While staying at an RV resort near Holbrook, Arizona, we visited the Petrified Forest National Park. It is a land of scenic wonders and contains one of the world’s largest concentrations of petrified wood, multicolored badlands, portions of the Painted Desert, and historic structures.

A weathered Studebaker automobile is a landmark and is placed at the Old Route 66 near the crossing of Interstate 40.

On the way back to the campground, we stopped in Holbrook at the Wigwam Motel. What a place to stay while traveling along Route 66.

Heading farther west we enjoyed the not-so-much-traveled areas of Galveston. We went along the Tree Sculptures self-guided tour. The sculptures are made out of trees that died from the salt water spilled into the city by Hurricane Ike in 2008. Magnificently restored homes are the backdrop for these unique pieces of art.

We are great fans of Harvest Hosts and are always surprised by the uncommon places to stay. Houmas House and Gardens near Darrow, Louisiana, was no exception. This plantation is also called the “Sugar Palace” and offered a view into Southern living at its best. The gardens were gorgeous, the buildings were grandiose, and the food was superb.

West Point Lake, Georgia, was an optimal choice to explore the area, and visiting the Little White House near Warm Springs opened a window into Franklin D. Roosevelt’s fulfilled life.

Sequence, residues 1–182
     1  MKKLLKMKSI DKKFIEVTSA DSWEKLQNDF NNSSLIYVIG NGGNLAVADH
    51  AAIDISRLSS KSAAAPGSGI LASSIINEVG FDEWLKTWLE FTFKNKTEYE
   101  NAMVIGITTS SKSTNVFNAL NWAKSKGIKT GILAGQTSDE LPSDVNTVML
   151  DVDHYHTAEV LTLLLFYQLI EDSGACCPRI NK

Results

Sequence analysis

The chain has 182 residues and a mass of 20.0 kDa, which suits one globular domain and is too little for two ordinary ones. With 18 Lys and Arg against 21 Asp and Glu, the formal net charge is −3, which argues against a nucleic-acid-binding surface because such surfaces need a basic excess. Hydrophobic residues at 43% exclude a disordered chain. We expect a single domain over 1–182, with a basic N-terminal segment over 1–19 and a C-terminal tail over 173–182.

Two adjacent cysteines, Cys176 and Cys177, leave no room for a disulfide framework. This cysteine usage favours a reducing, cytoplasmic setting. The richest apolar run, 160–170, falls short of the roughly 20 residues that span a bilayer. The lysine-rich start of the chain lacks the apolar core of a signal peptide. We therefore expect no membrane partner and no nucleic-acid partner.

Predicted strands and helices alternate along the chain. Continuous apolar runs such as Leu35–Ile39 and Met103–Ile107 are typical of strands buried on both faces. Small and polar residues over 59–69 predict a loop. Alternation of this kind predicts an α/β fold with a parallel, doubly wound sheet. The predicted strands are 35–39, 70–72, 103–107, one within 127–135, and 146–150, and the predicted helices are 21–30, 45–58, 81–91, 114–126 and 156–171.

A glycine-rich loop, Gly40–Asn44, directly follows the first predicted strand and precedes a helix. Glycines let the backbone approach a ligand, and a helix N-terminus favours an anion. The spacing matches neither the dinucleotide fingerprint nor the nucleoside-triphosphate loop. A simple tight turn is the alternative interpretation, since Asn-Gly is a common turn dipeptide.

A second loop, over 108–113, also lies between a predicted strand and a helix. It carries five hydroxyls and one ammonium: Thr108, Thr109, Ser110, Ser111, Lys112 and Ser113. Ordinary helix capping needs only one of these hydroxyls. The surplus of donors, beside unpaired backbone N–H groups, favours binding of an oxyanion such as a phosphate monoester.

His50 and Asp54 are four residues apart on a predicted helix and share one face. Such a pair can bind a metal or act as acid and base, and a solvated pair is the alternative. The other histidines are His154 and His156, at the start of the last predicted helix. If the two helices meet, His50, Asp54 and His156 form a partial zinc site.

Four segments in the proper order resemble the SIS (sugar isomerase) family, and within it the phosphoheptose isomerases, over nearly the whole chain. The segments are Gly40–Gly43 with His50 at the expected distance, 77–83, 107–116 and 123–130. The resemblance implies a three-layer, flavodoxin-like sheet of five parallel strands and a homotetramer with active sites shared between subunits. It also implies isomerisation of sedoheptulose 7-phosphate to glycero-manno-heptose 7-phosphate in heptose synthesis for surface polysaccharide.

Callaway Gardens, nestled into the southern foothills of the Appalachian Mountains, is a place to relax, to be active, and to just take in the beauty of nature. The visit to the butterfly center completed our excellent experience.

General Coffee State Park in the southern part of Georgia was a superb place to relax after an amazing three months on the road. Quiet nature trails allowed us to reflect on our journey, the wondrous places we had seen, and the new friends we had made. The historic farm and small lake invited us just to slow down.

Driving through the gate of the Fort Clinch State Park felt like coming home after a long and phenomenal 2021. We are looking forward to reconnecting with friends and to call this place home for a few months.


Author Bio- Helmut Albrecht

Mark Twain once said, “Twenty years from now you will be more disappointed by the things you didn’t than by the ones you did do. So, throw off the bowlines, sail away from the safe harbor. Catch the trade winds in your sails. Explore. Dream. Discover. “

In November of 2018 we threw off the bowlines, moved full time into our motorhome (called Loon named after a boat my in laws sailed for many years) and started our journey.

I am on this voyage together with the love of my life Peggy and our handsome dog Merlot.

After 15 years in the German Air Force I spent most of my career in sales of technical goods.

We relocated in 2001 from Germany to the United States of America and I am a proud American citizen since January of 2010.

From childhood on (I had my first camera when I was 6 years old), photography was my passion. It is my intention to capture the big picture as much as the details. To tell a story with my camera and to see things differently.

Our travels allow me to create storybooks about places and people, which I share at and as a guest blogger for FMCA.

I hope at the end of our journey I can say what Benjamin Disraeli once said: “Like all great travelers, I have seen more than I remember, and remember more than I have seen.”